* Texture  
* Style  
* Color  
* Appropriate fit  
* Smell  
* Price  
* Durability

When choosing fiber products, texture and style are more important than the fibers used. Most consumers who are aware of organic fibers and/or have purchased them in the past have complaints about the primarily casual styles, limited color selection and limited items available. They described the styles as "comfortable but floppy," "not as sophisticated," "not practical" and "not versatile." As this trend of organic apparel emerges, we are seeing companies like Patagonia, Levi Strauss, Timberland and Eileen Fisher trying to break the stereotypes of what organic apparel traditionally means to most consumers, offering a high-end product that is also organic, good for the environment and part of the sustainable movement that is gaining much traction with today's consumer.

Key Take Away

Retailers and manufacturers are extending organic products beyond grocery store shelves. Mainstreaming organic fiber products, however, will not follow the same pathways to trial and adoption that food products have taken. To gain wide stream acceptance, organic fiber will require a keen attention to design, highlighting the design features of 100% natural fiber textiles, even focusing on categories that suggest artisanal, small-scale production from authentic producers.

While early organic fiber consumers purchased primarily for environmental reasons, and due to obscure notions of toxicity, these motivations will never mainstream in our opinion because they require people to believe in the omnipresence of toxins. What we saw happen in the world of organic food is that "organic" went mainstream by becoming a generalized marker of high-quality food experiences as juxtaposed to industrial food experiences.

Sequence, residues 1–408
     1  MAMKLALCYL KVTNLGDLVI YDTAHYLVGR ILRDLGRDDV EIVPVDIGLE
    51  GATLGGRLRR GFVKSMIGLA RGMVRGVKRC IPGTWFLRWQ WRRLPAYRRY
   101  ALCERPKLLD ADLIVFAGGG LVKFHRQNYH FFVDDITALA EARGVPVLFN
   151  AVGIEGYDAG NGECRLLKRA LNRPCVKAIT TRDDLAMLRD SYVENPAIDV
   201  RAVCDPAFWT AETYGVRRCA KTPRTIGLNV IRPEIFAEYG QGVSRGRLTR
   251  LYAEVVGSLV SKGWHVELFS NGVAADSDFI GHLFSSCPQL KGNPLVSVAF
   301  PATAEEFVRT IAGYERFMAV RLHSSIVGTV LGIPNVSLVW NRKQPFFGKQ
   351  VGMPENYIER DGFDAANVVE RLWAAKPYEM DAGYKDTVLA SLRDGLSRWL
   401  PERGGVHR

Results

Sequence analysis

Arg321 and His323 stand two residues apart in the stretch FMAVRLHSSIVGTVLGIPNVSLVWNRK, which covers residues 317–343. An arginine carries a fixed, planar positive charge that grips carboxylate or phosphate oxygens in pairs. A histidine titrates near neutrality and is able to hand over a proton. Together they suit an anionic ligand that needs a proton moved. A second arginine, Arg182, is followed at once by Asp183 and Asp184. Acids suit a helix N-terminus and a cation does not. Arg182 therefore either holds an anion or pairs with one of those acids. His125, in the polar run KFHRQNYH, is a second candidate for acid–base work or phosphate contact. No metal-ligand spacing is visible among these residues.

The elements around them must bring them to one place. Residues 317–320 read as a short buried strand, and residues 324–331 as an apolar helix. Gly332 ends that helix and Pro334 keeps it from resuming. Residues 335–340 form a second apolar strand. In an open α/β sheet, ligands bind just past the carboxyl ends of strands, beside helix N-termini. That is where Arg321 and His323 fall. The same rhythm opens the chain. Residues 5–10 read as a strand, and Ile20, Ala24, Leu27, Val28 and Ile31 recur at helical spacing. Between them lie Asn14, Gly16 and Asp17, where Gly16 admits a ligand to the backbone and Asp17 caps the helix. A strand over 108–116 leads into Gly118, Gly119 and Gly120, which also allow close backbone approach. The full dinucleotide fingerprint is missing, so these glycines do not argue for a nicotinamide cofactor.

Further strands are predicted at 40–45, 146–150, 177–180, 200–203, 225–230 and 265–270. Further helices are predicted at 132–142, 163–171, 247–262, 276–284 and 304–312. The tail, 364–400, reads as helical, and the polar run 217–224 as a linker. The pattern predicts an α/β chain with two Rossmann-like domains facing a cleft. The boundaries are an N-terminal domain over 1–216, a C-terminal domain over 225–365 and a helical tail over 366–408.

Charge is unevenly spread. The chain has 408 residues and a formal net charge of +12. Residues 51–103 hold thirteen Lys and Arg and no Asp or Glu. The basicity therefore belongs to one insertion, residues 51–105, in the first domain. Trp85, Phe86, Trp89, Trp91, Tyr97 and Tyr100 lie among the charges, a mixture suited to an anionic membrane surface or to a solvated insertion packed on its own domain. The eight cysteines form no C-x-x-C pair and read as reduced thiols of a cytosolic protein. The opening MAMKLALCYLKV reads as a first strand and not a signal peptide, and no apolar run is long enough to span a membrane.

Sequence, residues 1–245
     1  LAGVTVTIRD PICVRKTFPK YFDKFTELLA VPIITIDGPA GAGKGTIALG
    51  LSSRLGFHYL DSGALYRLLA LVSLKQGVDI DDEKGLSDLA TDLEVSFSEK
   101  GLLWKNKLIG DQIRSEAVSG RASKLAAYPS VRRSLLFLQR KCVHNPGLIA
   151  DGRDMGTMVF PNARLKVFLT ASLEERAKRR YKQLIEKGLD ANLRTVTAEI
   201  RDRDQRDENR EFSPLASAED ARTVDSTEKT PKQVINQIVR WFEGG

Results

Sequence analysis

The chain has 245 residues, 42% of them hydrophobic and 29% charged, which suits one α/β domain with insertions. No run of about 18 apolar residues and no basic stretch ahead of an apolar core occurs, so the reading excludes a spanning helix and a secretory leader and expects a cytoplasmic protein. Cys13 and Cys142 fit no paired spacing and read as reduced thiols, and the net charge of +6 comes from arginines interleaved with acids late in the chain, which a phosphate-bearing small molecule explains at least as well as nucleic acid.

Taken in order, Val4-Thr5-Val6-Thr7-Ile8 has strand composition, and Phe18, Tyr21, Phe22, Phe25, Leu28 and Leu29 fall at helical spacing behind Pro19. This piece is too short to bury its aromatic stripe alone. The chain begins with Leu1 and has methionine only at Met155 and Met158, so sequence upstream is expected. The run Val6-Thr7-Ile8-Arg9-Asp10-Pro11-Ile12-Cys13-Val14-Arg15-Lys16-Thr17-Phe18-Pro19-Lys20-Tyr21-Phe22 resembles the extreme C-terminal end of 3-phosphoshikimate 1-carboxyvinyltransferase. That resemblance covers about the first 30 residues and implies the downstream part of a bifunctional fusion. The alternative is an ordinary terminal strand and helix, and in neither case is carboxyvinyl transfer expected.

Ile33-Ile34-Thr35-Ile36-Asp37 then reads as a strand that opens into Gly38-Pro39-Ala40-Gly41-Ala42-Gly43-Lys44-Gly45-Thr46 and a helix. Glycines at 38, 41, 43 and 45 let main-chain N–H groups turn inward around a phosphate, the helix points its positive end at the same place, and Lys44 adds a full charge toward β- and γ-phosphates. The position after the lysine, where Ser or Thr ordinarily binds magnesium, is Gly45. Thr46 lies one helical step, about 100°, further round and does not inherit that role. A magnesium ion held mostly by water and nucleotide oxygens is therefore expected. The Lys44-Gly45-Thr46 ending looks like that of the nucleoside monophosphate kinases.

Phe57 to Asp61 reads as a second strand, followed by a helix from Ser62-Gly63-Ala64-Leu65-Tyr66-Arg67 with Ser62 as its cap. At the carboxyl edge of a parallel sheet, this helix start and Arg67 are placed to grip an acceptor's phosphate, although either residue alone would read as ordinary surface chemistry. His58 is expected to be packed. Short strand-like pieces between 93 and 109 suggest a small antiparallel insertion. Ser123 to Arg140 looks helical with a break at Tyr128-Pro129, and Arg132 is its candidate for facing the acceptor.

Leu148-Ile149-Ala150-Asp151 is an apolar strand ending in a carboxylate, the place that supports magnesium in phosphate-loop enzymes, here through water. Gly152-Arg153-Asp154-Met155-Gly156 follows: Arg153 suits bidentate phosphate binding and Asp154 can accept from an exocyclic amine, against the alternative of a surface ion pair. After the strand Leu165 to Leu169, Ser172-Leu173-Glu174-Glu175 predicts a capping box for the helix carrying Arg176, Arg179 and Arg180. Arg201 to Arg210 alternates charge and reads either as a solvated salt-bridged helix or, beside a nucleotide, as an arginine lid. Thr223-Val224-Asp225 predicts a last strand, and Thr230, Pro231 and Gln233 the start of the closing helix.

Just as artisanal production is an important cue within the organic food trend, we see great potential for "organic fiber" to be marketed as "artisanal clothing" devoid of industrial trickery used to mass produce high fashion.

Organic fiber will work beautifully to market hand-woven, ultra-delicate textiles that don't seem "industrially" or "commercially" made and small-scale runs in textile products. Much like organic has become a marker of quality in food, organic in fiber, if positioned appropriately, can become a marker of authenticity to consumers. Rather than feeling like they are "giving something up" when they buy organic fiber, they would feel like they are getting the most authentic and highest quality item available.